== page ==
There were 514 households out of which 28.2% had children under the age of 18 living with them, 42.8% were married couples living together, 12.8% had a female householder with no husband present, 5.1% had a male householder with no wife present, and 39.3% were non-families. 33.3% of all households were made up of individuals and 16.5% had someone living alone who was 65 years of age or older. The average household size was 2.31 and the average family size was 2.88.
The median age in the city was 41 years. 23.5% of residents were under the age of 18; 9.8% were between the ages of 18 and 24; 20.5% were from 25 to 44; 26.3% were from 45 to 64; and 19.9% were 65 years of age or older. The gender makeup of the city was 50.1% male and 49.9% female.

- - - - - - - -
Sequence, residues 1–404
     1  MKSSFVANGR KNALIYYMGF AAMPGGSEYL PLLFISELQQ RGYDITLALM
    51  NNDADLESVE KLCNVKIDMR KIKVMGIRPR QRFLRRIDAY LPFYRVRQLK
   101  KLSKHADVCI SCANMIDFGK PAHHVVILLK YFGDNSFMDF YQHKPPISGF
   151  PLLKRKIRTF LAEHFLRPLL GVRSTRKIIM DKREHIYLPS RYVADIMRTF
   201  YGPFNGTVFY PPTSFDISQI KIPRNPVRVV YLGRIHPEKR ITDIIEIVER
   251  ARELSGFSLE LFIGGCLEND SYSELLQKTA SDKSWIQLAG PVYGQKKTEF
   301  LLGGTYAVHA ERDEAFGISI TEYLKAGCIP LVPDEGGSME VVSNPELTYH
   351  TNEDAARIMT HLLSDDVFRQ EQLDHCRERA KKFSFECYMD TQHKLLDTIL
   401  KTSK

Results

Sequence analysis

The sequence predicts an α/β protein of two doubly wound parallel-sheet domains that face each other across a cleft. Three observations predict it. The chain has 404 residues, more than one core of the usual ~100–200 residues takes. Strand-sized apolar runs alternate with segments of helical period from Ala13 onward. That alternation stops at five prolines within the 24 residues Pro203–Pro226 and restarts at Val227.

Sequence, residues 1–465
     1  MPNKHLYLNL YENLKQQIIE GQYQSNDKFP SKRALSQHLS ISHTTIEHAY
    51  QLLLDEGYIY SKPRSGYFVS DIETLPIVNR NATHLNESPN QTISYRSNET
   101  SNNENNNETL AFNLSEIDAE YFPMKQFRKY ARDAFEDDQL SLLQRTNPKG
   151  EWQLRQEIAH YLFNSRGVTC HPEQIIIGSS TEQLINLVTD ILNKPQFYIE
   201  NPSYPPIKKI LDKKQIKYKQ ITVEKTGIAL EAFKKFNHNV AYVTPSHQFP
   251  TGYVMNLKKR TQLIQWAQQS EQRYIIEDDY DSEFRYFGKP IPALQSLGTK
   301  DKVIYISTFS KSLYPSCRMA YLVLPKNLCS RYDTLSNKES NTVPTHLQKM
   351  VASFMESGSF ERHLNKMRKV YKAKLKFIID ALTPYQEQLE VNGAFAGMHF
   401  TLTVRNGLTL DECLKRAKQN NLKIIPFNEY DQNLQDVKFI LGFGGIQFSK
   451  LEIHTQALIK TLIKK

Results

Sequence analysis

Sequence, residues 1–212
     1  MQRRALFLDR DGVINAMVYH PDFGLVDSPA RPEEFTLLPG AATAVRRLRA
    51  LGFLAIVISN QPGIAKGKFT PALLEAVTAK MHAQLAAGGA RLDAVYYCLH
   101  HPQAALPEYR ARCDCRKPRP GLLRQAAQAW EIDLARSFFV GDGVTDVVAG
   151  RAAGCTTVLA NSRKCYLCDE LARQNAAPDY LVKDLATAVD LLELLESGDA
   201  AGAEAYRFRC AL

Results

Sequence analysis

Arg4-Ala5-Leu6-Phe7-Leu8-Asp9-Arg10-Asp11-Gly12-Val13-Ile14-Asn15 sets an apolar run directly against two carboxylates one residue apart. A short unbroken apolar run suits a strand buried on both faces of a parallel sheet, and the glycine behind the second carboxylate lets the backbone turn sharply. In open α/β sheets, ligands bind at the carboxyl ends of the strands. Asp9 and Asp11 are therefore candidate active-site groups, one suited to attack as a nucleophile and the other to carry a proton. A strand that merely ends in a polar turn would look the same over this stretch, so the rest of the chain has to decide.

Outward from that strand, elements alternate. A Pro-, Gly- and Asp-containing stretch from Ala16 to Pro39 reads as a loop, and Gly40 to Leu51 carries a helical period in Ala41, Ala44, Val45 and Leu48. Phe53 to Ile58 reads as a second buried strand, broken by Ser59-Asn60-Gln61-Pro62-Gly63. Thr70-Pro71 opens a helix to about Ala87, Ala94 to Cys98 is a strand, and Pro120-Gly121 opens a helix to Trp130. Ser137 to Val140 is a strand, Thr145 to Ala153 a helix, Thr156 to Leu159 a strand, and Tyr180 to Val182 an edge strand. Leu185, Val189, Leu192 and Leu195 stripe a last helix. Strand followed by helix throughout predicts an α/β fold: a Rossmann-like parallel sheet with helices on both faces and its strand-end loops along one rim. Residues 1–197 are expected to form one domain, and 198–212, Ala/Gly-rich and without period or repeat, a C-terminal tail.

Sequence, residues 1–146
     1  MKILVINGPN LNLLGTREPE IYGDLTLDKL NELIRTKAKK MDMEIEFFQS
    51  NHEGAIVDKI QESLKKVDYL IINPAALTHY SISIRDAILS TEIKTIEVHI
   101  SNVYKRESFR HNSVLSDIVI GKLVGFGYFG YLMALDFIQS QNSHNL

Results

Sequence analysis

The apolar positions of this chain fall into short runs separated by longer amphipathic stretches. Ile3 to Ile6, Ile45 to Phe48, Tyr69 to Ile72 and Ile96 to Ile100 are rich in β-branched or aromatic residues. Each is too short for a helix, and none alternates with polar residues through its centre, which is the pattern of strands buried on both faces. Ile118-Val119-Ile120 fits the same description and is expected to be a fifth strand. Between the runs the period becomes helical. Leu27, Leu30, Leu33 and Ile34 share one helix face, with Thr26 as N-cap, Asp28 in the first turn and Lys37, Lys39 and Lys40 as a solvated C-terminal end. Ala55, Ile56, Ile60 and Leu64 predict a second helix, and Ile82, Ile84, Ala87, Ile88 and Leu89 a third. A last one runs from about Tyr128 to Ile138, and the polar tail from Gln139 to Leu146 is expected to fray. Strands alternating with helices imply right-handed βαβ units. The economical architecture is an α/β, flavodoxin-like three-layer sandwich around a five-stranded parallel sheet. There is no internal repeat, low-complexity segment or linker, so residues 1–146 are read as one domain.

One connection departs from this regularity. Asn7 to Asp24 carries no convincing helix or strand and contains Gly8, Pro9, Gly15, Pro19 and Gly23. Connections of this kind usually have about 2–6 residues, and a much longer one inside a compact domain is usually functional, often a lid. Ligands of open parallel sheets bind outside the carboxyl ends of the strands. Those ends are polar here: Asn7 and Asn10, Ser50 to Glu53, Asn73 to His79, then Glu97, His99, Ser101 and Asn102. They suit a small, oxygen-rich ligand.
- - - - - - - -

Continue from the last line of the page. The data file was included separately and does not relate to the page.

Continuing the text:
2000 census 
As of the census of 2000, there were 1,240 people, 544 households, and 343 families residing in the city. The population density was 1,107.1 people per square mile (427.5/km2). There were 604 housing units at an average density of 539.3 per square mile (208.2/km2). The racial makeup of the city was 96.21% White, 0.08% African American, 0.24% Native American, 0.32% Asian, 2.66% from other races, and 0.48% from two or more races. Hispanic or Latino of any race were 5.48% of the population.
There were 544 households out of which 27.6% had children under the age of 18 living with them, 46.1% were married couples living together, 12.5% had a female householder with no husband present, and 36.8% were non-families. 32.4% of all households were made up of individuals and 18.4% had someone living alone who was 65 years of age or older. The average household size was 2.27 and the average family size was 2.83.